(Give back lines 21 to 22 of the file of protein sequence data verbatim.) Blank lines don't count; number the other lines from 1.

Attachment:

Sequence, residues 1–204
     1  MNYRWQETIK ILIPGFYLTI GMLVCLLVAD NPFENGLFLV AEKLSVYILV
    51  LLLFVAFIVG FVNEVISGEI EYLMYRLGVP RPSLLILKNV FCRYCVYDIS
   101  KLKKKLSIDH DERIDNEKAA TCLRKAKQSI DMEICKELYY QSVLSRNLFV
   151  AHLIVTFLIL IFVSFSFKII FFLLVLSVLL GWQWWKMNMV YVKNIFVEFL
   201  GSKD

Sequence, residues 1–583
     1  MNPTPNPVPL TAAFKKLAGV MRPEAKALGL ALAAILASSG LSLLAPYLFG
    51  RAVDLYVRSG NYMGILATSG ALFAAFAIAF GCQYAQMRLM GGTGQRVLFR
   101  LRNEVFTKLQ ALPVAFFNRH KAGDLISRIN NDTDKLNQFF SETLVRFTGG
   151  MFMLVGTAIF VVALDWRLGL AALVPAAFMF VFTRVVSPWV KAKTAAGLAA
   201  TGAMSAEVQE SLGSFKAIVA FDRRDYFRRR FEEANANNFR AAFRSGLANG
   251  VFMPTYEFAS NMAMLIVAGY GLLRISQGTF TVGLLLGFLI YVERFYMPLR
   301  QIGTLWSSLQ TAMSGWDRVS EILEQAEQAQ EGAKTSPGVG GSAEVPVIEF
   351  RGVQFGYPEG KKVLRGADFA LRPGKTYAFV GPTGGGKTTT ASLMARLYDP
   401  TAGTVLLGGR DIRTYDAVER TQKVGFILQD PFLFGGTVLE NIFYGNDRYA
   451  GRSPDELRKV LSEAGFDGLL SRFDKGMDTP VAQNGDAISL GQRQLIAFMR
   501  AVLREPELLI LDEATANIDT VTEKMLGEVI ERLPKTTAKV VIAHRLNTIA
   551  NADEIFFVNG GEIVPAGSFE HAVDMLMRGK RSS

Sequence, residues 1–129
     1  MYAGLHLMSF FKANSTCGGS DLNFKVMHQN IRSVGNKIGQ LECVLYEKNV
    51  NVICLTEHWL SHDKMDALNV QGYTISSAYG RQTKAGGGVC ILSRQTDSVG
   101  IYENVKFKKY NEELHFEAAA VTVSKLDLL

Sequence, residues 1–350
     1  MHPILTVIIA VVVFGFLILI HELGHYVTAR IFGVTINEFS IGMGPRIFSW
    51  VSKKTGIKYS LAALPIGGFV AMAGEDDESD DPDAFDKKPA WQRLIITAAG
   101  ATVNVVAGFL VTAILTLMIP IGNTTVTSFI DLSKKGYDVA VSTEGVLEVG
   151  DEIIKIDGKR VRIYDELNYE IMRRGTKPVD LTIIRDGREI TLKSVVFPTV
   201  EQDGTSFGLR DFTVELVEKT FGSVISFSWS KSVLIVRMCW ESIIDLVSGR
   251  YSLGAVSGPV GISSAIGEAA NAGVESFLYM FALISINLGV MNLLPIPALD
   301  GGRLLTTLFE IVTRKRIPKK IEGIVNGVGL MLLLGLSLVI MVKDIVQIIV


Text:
     1  MYAGLHLMSF FKANSTCGGS DLNFKVMHQN IRSVGNKIGQ LECVLYEKNV
    51  NVICLTEHWL SHDKMDALNV QGYTISSAYG RQTKAGGGVC ILSRQTDSVG